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An Investigation of Heart Response during Trumpet Playing


Copyright 2024, Mark Alan Wade

Primary Author: Hunsaker, L.
Journal Title: PhD Dissertation, University of North Texas
Date Published: 1993
Language: English
Category: Anatomical, Physiological & Historical Research
Key Words: heart response trumpet performance dissertation North Texas
Full Citation: Hunsaker, Leigh Anne. An Investigation of Heart Response during Trumpet Playing. PhD diss., University of North Texas, 1993.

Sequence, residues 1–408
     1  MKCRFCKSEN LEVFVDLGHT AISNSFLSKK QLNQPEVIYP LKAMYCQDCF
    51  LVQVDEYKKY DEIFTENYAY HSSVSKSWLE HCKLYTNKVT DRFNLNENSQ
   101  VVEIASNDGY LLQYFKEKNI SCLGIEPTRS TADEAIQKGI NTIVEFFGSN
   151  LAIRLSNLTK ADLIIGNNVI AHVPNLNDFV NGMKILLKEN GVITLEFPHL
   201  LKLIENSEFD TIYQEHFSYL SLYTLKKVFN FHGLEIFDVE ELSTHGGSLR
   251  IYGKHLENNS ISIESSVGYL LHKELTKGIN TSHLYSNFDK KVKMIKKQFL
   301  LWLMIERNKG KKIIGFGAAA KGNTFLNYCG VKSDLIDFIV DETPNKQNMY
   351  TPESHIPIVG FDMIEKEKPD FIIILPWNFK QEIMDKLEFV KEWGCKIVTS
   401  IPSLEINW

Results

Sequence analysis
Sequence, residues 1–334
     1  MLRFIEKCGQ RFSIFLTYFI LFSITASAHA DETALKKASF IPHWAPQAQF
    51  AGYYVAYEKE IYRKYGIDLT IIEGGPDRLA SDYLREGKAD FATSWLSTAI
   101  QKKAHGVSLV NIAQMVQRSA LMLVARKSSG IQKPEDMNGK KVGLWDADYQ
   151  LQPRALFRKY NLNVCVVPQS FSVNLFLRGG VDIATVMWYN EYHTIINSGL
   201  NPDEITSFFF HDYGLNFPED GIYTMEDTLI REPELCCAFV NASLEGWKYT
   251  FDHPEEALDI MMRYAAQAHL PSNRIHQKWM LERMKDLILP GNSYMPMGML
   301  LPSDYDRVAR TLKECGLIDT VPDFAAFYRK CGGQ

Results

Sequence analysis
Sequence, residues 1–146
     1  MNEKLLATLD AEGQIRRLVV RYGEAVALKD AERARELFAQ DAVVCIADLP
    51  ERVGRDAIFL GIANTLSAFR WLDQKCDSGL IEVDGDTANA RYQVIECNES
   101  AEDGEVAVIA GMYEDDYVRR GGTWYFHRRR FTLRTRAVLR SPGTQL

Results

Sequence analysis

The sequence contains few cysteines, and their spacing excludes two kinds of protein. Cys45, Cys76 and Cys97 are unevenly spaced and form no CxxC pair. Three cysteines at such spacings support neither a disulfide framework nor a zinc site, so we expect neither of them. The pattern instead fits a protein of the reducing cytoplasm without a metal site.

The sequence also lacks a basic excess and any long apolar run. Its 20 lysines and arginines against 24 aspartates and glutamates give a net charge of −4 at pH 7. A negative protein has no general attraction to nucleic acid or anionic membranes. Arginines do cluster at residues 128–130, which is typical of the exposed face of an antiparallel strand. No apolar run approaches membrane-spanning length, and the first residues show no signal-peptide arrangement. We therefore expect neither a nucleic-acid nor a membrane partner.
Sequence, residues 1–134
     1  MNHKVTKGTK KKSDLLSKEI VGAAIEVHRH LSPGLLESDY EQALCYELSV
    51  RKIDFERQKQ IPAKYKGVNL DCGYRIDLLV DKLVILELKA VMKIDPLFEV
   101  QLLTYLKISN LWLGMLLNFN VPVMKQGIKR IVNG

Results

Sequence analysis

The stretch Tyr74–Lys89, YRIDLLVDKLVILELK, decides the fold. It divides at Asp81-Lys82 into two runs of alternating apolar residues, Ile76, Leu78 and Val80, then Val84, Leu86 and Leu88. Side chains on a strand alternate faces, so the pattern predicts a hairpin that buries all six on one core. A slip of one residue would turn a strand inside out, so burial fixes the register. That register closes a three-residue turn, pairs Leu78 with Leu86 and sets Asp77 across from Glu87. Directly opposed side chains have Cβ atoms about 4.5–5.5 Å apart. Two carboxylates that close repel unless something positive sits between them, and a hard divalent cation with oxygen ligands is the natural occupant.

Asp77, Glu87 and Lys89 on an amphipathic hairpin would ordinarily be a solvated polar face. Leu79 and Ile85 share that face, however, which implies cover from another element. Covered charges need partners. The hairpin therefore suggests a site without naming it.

Full Abstract: The purpose of this study was to investigate the effects of trumpet playing upon the heart. A Holter monitor was used to record electrocardiograms (ECGs) to examine the heart's response during musical performances and practice sessions. The study design included two phases: a comparison of the heart rate at rest and while playing a standard etude and a comparison of heart response while playing selected music in both practice and performance situations. An analysis of the ECGs was performed by a cardiologist and an ECG technician, who examined both the heart rate and the regularity of the heart rhythm. Results of the first phase of the study showed that the heart rate during trumpet playing was significantly higher (p<.0001) than when resting. In the second phase of the study, all but one subject had a faster heart rate during a performance than when practicing the same music. The medical professionals evaluated the ECGs, medical history, and daily activity logs of subjects to characterize ECG changes as induced by the instrument playing, or as caused by other means. Disturbances in the heart rhythm were more common and more pronounced in performances than in practice. Dramatic, but temporary changes in the heart's rate and rhythm were recorded during trumpet playing. No adverse effects to the cardiovascular system were attributed to trumpet playing. In addition to the above findings, the ECGs were examined for evidence of a cumulative increase in stress upon the heart during practice sessions. The subjects were instructed to use their customary warm up and to continue practicing in their normal manner. Because information on the routine demands of trumpet playing was desired, the practice procedures and materials were not dictated. A comparison of the first and last five minutes of each practice session showed little change in heart rate or rhythm. No cumulative effect of trumpet playing was found in the heart response of these subjects.